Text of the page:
Recipes: Ttzatziki by Maria Papadoupoulou

Recipes: Quick and easy meatloaf by Barb Hopkins



Food is a source of inspiration and not just sustenance. Take for example this blog Cooking to Heal, where my friend Shalini George, describes food that inspires her, motivates her... and helps her live. Think about it. There are so many ways that one can relate to food.




You may be wondering why I am talking only about food, with no mention of drink. How about this... 'How to make non-alcoholic Ginger wine'. Its actually very simple, and a fun drink for parties. And no... you won't get drunk, in case you wondered, but it definitely will give you the pep that you need.






If you are looking for recipes with good directions, Sheila Watson Kraklow has a whole list of recipe guides.

Some interesting food guides of hers are:









Here are pics of vegetarian meals. This is one of the standard meals seen in South India, and is the pride of India. What you see is a serving of rice with many vegetable dishes, (usually accompanied by dessert which are plantain and paysam). The pic on the right shows three paper tumblers; one with water, one with 'jaggery payasam' and the last with 'palada paysam'. Depending on the occasion, this vegetarian meal can range from 15 to 35 dishes. If you thought that vegetables are hard to swallow, think about all the vegetarians who eat this on a daily basis. Trust me, its actually VERY appetizing; especially when its served on a Banana Leaf. In fact, as Suzanne Rose describes, restaurants can benefit from offering vegetarian meals.

There are those that bake bread on a daily basis; for those who's staple diet consists of different kinds of bread. But for me, more a a rice eater, I tend to rely on bread from the store. Its easier that way without the hassle of waiting for the dough to rise, and then bake. However, one person who motivated me to bake bread is M. J. Joachim with her instructions... 'How to make homemade bread'. The attached pic is my first attempt at baking bread (8 loaves at the first attempt itself) for a party, which was a huge success. Can't say I've tried it again, but the recipe is still stuck to my refrigerator.



Here are a few pics of miniature cooking vessels and kitchen accessories that were displayed in a restaurant in Muscat. These are of typically items in an Indian kitchen. The Bharani or the clay jar is most often used for pickles, making wine or for salt. Some have a screw-on lid that fits securely and is good for pickles and wines.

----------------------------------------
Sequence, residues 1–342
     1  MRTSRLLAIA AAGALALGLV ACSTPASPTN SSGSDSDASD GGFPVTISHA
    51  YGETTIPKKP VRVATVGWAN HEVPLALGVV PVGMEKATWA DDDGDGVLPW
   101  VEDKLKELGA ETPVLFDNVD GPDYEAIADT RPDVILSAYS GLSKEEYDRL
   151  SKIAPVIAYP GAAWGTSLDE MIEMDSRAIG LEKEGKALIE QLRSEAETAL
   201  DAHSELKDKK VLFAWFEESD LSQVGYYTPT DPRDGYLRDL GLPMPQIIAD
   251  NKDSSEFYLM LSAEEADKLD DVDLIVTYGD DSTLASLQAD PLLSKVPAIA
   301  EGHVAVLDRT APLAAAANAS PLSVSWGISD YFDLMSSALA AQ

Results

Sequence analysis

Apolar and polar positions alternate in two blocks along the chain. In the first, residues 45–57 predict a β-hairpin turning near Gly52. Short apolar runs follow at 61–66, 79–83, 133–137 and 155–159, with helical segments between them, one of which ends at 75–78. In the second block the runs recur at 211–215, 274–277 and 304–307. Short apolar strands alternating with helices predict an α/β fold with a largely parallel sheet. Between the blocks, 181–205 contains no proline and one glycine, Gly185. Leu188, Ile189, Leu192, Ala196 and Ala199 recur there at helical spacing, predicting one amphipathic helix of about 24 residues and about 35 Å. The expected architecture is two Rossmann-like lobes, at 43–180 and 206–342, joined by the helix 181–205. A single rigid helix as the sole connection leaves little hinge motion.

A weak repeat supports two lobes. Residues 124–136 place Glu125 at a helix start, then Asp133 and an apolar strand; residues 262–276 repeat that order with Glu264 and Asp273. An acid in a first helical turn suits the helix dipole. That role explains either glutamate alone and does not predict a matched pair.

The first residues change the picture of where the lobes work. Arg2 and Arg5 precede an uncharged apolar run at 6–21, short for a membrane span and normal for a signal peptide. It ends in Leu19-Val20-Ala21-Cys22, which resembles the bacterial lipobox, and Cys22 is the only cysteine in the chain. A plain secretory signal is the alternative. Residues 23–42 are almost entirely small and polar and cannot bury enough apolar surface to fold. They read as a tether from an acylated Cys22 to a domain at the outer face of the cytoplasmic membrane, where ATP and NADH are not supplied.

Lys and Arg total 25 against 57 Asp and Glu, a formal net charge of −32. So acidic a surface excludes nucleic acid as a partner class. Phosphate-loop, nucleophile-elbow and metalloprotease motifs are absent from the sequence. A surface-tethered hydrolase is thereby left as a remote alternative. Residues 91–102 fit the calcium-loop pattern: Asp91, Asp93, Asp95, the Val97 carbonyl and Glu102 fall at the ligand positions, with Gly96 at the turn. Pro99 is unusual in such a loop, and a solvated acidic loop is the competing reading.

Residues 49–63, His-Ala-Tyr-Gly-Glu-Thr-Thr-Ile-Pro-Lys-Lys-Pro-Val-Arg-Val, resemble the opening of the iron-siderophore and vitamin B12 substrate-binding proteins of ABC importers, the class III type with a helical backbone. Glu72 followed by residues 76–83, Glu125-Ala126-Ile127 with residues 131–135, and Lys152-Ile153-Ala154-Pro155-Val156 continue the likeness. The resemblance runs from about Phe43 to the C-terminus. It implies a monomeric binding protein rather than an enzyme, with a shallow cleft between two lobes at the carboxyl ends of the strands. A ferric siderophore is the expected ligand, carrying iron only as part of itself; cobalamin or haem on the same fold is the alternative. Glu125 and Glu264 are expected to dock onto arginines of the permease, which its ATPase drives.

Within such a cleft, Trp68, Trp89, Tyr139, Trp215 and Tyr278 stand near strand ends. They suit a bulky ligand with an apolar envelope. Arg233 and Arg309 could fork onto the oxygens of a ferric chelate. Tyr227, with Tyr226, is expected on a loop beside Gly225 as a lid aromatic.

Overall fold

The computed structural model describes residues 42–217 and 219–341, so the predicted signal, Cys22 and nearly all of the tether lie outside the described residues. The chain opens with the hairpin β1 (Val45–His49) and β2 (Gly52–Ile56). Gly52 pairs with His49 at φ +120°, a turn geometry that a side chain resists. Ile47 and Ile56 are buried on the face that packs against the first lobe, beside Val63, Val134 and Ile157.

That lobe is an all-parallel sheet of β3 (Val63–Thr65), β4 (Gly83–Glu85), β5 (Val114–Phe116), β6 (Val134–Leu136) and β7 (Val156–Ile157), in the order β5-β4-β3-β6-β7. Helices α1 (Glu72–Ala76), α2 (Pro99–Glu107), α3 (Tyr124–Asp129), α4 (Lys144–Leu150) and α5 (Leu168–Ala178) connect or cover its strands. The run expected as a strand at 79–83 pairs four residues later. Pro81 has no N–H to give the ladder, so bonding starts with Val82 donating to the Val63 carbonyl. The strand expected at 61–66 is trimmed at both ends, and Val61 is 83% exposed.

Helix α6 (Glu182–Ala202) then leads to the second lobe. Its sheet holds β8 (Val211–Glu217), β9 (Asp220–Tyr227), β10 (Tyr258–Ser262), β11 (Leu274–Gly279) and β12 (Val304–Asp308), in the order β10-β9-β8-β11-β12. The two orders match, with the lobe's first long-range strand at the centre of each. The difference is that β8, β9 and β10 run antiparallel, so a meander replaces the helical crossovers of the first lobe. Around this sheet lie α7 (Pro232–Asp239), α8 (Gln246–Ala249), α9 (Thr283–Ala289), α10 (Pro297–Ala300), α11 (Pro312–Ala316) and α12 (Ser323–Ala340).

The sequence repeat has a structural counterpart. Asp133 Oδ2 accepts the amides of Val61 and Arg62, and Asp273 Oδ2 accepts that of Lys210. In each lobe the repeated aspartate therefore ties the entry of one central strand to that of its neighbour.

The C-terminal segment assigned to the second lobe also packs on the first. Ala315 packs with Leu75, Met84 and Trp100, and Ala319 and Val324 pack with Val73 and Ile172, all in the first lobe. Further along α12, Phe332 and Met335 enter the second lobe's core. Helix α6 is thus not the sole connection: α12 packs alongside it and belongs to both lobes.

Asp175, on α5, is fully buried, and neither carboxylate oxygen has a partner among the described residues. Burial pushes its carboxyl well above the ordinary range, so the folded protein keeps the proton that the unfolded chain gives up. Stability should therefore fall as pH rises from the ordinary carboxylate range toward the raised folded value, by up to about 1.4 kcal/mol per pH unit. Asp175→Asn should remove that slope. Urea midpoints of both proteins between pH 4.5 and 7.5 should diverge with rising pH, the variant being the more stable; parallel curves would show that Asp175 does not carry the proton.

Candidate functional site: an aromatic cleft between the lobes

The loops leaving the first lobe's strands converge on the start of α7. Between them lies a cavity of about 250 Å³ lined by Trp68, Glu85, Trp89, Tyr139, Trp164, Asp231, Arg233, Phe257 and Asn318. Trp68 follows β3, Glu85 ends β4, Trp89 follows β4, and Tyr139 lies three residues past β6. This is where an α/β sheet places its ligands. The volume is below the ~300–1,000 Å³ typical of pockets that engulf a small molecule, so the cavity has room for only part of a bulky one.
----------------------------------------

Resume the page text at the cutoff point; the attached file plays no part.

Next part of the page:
The next pic, is that of a ''puttu' maker, that is, steamed rice flour cakes are made in the cylindrical holder, and its generally eaten with either plantains or lentils.










This is the miniature version of the pestle and mortar which is used to grind rice for making rice flour. Nowadays rice flour is readily available; ground at the mill... but over a decade ago, rice pounding was done at one's home using this kitchen accessory.




This is a pic of the grinding stone on which masalas or coconut are ground, even today... and chutneys are made.





This last pic is that of a lentil smasher (for smashing cooked dal) and a coconut-shell spoon. I have a ladle like this which I use, but not the dal smasher. I don't remember having seen the dal smasher in use for the past many years, except when I was a kid, maybe.



There have been a whole lot more pics that I've collected from around. but having already compiled a lengthy page, I refrain from adding them.



Food and Drink articles of Interest:



7 comments:

  1. Great post:) Lots to tweet. I love to eat, but let my husband do most of the cooking. Glad you're back at it.

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  2. Great to see your blog come to life again! I just had breakfast, but already I'm drooling looking at the photos. :-) Lots of good links too.

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  4. Mandy, this is wonderful! Great job on it. Makes me hungry just reading it!

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Amanda Dcosta - Writer, Helium.com